The third major task that the ESET Program will initiate during the fall semester is the design and implementation of a new web-based wiki environment to host the open community for MISL users. Technical data, example software, low-level drivers and system configuration information will be hosted on the wiki site. The goal of the open community is to encourage continued development and integration of the MISL architecture and standards into both educational and research efforts.
The partnership will take the strengths of NASA JSC’s C&DH branch and complement them with the ESET Program’s educational and collaboration skills to create a unique partnership that will give the electronics community and especially the space electronics community an exciting new platform and collaboration opportunity.
The ESET Program has been pleased with the new levels of interaction that have been achieved with NASA-JSC over the past two years. Matthew Leonard, Class of 1986 and a senior project manager from NASA JSC on sabbatical toTexas A&M, has played an important role in introducing the ESET Program to the NASA JSC Engineering Division, which has resulted in a number of successful research and capstone projects. These projects include the NASA wireless smart plug, which has just completed final acceptance testing within the Deep Space Habitat, and the NESI board development, an embedded intelligence, instrumentation and communications device that will be used by high school students flying their eXtreme Science Experiments on the NanoRack platform onboard the International Space Station.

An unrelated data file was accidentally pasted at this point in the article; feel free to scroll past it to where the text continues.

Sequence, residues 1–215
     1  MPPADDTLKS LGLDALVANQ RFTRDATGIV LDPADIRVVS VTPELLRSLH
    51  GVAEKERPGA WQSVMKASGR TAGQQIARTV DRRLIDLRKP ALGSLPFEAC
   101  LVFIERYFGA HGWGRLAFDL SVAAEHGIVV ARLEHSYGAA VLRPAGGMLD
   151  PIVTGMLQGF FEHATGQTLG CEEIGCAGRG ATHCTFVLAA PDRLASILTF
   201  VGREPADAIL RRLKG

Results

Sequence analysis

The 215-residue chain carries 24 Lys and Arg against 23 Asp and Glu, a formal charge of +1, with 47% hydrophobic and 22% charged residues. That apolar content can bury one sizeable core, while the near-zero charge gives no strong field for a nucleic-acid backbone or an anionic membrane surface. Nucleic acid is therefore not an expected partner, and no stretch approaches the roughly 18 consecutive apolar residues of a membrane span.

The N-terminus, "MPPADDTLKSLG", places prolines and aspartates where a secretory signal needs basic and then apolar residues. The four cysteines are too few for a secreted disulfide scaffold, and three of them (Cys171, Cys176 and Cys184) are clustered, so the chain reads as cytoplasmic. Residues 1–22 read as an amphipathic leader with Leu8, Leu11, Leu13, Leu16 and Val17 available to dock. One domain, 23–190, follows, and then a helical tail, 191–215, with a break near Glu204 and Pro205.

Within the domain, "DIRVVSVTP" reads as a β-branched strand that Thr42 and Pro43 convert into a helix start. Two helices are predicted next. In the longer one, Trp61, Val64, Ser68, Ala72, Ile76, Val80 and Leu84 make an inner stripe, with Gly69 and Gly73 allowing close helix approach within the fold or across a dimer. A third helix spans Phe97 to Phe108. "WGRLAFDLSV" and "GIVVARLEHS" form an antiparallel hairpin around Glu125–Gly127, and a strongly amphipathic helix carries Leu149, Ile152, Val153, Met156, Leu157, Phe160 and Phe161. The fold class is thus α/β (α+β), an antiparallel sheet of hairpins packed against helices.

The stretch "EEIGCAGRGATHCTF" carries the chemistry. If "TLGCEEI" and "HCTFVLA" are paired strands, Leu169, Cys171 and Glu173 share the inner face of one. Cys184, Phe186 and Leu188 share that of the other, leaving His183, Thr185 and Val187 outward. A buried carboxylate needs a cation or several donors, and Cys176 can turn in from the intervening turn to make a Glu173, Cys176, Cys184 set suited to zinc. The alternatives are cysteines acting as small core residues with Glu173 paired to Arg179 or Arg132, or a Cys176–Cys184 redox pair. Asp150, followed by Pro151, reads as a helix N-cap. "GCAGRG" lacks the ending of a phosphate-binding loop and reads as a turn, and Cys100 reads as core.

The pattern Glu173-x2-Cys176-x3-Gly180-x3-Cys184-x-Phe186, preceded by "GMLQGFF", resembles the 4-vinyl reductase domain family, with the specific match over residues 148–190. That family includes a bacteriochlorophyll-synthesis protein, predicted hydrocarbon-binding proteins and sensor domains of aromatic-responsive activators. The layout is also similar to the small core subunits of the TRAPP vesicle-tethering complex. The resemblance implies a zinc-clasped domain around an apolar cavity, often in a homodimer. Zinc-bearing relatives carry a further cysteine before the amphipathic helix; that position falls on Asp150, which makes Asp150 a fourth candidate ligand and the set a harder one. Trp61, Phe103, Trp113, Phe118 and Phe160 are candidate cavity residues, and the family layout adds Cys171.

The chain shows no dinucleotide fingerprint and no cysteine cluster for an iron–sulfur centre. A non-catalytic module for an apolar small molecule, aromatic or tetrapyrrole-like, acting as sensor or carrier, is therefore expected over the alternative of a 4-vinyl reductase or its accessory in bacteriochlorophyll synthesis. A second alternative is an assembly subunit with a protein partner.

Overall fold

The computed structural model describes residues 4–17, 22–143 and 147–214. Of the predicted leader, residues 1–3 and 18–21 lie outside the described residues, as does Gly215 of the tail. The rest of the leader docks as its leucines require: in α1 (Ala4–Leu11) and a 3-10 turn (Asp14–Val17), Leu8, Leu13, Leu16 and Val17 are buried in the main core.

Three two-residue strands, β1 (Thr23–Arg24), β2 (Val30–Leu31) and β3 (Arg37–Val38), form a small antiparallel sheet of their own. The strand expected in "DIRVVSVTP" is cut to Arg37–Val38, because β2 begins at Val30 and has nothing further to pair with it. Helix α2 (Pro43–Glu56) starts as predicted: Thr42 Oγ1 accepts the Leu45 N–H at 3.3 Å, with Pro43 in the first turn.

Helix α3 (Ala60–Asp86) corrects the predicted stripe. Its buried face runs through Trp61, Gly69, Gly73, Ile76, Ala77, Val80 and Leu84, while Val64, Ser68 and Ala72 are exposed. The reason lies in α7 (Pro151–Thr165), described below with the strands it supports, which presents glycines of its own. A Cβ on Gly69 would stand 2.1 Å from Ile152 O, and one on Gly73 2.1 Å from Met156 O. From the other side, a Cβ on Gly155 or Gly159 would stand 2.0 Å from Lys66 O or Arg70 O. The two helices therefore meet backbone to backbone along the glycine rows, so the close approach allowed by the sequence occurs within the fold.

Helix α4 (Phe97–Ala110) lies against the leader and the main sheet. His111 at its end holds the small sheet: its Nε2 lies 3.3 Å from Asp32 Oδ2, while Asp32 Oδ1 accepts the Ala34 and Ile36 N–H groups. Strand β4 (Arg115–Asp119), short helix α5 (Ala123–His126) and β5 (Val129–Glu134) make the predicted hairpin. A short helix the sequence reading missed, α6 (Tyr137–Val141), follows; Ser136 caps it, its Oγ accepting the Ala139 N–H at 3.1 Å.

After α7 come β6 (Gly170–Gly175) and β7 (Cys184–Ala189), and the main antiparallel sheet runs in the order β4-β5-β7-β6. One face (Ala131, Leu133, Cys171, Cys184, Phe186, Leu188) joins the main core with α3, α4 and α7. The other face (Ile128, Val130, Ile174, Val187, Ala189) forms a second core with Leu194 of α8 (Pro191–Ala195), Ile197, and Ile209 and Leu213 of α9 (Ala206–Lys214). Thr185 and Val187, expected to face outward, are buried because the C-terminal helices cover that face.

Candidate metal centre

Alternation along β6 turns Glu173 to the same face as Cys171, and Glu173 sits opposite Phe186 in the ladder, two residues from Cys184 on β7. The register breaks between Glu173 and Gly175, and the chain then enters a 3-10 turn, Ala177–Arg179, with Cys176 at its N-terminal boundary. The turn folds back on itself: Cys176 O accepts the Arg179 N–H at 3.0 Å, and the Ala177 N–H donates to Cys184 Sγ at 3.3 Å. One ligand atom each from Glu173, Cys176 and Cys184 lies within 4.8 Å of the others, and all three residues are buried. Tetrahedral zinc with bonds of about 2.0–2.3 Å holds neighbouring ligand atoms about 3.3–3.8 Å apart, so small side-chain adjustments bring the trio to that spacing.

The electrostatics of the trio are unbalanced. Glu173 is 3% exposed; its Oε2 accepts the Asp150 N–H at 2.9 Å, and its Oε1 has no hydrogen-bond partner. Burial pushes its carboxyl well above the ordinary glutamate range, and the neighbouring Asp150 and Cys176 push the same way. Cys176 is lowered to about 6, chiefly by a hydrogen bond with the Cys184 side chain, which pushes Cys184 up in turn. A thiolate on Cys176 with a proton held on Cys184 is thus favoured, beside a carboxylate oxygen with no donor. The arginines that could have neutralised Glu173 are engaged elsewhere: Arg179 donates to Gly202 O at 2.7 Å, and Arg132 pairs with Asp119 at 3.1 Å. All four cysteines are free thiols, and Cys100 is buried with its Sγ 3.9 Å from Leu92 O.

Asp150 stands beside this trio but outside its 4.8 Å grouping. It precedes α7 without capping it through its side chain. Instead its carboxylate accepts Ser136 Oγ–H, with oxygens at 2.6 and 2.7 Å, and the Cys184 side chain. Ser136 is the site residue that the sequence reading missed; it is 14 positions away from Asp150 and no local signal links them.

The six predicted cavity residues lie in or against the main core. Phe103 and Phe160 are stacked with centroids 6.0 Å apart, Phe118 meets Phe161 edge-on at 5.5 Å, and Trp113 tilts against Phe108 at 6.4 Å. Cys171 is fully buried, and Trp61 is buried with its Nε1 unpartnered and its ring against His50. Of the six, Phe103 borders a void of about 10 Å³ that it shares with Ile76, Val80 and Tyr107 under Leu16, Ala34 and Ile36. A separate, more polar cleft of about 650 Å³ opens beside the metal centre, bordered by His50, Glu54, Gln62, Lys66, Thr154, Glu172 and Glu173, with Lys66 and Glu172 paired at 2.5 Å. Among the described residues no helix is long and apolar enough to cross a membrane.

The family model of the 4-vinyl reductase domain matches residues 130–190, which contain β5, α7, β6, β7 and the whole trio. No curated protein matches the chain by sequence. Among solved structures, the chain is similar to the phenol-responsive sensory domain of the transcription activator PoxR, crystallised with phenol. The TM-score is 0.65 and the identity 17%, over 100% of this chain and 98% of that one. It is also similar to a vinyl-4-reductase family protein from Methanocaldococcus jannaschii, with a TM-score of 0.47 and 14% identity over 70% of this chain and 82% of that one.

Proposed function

Dr. Jay Porter, ESET program director, said, “We are pleased that NASA has selected the ESET Program and our new Product Innovation Cellar to expand the development, commercialization and support of their MISL architecture. This new partnership will have direct impact on all aspects of our undergraduate educational program and will allow our students to work with state-of-the-art technologies as they pursue their degrees at Texas A&M. Being fully engaged in the development and support of the MISL modules will also allow our faculty to be more competitive in responding to solicitations dealing with space-related systems and products development.”